A report from The Guardian points towards the fact that a secretive subsidiary of Alphabet called Sidewalk Labs is working on services that could radically rebuild public parking and transportation in American cities. The Labs call the services “new superpowers to extend access and mobility.” This whole effort might just be the future of transit management.

This essentially means that Google is working on technology that will make it easier to drive and park in cities. The company is also creating hybrid public/private transit options. The latter is highly dependent upon ride-share services such as Uber. This means that the traditional public transport services will take a big hit.

Privatization of everything we do is what they have in mind. Not sure how society run by robots pays for services. Would like to see that part explained along with how they plan to replace all the workers with machines.

Sidewalk Labs was established last June with a mission to “improve city life for everyone”. Until now, the subsidiary has made many developments. These include a being part of an association that deployed several hundred free Wi-Fi kiosks in New York. It is also rumoured to be building a city from scratch that is designed for self-driving cars.

The latest project of Sidewalk is offering Columbus a three-year demonstration project consisting of 100 Wi-Fi kiosks and free access to Flow. Columbus, Ohio recently won a recent $50m Smart City Challenge organized by the US Department of Transportation which is the reason Google will be running its initial tests for Flow there

Redefining public transport

Imagine getting all your transit details– duration, distance, price etc– right at your fingertips. Flow will provide all this info to you, too. The service will  integrate information and payment for almost every form of transport into Google Maps.

All this is going to be run as a pilot in Columbus…(more)

RELATED:
SF leader on ‘Smart City’ challenge leaves SFMTA for Google X

Thankfully San Francisco missed this one.

Showplace Square Parking Gets Metered

By Jacob Bourne : Potrero View – excerpt

The blocks surrounding Showplace Square and the California College of the Arts (CCA) have been a longstanding parking haven for commuters, oversized vehicles, and residents. Over time regulations have tightened parking availability throughout Potrero Hill, increasing parking pressures from Division to 16th streets and east to Seventh Street.  Now, the San Francisco Mu-nicipal Transportation Agency (SFMTA) is adding four hour time limited parking and metered parking to all streets in that area.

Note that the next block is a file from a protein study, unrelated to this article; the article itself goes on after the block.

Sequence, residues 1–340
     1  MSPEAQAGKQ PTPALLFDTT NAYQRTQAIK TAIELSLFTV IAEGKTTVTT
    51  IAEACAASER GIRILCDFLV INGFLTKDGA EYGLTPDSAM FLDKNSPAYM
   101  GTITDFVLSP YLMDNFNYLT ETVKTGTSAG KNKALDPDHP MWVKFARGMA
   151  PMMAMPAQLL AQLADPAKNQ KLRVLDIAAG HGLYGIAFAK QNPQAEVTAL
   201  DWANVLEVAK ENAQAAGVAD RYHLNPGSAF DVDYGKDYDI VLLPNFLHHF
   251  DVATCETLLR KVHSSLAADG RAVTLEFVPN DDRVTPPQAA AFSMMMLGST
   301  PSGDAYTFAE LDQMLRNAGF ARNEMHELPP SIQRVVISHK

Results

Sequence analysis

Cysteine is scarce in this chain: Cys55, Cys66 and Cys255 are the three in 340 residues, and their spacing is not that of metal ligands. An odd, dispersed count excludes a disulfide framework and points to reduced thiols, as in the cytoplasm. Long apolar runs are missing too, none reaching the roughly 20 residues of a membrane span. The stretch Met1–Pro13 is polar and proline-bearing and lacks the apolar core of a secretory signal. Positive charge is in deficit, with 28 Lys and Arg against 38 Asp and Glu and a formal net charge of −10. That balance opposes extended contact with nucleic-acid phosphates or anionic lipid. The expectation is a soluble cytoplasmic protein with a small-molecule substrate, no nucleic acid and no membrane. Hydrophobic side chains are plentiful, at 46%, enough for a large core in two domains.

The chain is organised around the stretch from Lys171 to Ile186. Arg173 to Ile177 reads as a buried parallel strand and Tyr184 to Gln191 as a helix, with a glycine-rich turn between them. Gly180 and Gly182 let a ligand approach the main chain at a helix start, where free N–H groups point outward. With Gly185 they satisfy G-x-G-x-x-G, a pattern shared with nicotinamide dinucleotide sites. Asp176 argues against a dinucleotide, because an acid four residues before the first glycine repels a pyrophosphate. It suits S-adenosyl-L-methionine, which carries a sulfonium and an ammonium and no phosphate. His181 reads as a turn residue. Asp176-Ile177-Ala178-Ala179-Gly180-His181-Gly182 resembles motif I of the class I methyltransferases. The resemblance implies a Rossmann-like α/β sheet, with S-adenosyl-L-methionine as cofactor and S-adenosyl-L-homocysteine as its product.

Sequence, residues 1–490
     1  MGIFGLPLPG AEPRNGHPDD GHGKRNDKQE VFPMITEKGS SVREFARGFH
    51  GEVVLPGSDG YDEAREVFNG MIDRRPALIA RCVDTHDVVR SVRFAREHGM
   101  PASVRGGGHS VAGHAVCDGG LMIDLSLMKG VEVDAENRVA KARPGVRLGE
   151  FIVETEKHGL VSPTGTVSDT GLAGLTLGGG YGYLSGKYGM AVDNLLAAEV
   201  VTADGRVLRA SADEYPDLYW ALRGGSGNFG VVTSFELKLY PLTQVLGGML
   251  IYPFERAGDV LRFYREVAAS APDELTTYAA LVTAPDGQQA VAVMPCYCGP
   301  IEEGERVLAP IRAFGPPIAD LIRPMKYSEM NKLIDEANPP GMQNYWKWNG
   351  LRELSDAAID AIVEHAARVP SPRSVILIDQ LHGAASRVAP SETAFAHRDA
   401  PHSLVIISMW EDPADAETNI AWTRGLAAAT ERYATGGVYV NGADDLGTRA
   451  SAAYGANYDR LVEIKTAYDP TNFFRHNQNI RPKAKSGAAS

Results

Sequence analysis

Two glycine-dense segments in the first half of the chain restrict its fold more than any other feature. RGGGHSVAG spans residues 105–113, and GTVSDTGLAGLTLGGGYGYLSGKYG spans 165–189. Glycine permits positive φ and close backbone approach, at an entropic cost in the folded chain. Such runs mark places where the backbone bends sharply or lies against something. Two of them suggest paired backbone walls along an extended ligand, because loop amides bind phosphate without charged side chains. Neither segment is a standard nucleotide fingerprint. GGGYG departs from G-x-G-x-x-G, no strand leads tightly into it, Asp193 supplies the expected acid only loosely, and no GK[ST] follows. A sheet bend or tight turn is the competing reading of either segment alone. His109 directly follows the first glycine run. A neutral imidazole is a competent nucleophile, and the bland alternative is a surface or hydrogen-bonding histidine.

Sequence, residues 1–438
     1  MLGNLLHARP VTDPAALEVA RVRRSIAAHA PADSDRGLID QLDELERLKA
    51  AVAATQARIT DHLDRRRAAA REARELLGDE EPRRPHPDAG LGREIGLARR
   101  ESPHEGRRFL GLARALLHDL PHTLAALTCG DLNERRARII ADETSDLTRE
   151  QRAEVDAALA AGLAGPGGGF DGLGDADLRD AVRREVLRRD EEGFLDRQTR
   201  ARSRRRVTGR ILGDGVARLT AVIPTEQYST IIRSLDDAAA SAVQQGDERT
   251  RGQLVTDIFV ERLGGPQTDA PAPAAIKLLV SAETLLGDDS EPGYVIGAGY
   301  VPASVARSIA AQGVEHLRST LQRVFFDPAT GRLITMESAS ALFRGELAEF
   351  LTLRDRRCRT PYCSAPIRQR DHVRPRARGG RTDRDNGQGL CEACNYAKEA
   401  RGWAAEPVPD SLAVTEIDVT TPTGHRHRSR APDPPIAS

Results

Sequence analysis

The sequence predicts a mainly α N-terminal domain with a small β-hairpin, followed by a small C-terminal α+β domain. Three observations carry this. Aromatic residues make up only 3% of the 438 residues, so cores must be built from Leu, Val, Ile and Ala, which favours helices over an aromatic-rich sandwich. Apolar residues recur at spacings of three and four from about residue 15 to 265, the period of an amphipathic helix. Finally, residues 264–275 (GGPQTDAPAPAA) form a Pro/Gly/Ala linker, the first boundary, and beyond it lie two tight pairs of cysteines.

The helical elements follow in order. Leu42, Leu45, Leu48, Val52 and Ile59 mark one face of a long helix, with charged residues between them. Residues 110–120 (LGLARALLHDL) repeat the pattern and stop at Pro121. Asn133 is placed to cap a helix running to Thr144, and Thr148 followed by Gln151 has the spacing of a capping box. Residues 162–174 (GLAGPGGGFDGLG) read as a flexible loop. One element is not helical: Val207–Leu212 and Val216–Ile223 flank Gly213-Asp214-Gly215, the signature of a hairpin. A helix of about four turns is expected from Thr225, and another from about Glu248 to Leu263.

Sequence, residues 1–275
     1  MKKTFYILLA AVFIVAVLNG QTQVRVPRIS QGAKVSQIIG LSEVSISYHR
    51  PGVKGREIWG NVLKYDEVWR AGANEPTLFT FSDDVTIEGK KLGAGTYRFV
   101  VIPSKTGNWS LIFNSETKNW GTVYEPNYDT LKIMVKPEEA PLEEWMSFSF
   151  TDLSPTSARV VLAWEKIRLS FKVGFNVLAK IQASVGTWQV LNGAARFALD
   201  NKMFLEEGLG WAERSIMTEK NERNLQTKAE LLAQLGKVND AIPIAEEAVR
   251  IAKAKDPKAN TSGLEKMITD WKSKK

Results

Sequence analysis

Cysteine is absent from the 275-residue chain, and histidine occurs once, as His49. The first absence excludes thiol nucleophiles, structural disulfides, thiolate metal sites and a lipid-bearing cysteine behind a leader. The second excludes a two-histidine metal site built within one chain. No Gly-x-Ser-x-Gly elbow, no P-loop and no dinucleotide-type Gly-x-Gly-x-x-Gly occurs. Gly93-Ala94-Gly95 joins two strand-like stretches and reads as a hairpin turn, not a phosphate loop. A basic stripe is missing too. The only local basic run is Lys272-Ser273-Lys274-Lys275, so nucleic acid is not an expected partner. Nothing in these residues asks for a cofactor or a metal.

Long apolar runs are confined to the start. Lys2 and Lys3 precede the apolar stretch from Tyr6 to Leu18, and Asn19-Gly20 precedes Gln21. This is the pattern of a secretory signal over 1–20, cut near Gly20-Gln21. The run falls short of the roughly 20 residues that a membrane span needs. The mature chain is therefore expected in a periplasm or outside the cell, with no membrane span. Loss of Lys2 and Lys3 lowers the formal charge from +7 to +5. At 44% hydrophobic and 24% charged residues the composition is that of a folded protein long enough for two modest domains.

Though the measure has strong backing from nearby businesses, with support from District 10 Supervisor Malia Cohen, some San Franciscans are concerned about the displacement of individuals living in oversized vehicles, who have used the curbs of Showplace to store their homes…

Meters are being added on 16th and Seventh streets near CCA, and on Henry Adams, Kansas, and Division streets, as well as on the block surrounding Showplace East. The rest of the area will have four hour time limits without residential parking permit restrictions. Due to sensitivity for homeless individuals, the SFMTA board of directors decided not to impose an overnight-oversized vehicle ban, though the enforced daytime turnover will impact these vehicles. Although more than 400 meters are being installed, according to Andy Thornley, SFMTA senior project analyst, over the past few years 750 meters have been taken off the streets, Citywide.  There are fewer meters in San Francisco now than in 2013. … (more)

There are fewer parking spaces now because the goal of SFMTA is to eliminate as many as they can. They have gone after many parking metered spaces, such as the ones they took off of Mission Street recently and the ones they are getting ready to remove from Van Ness and Lombard soon.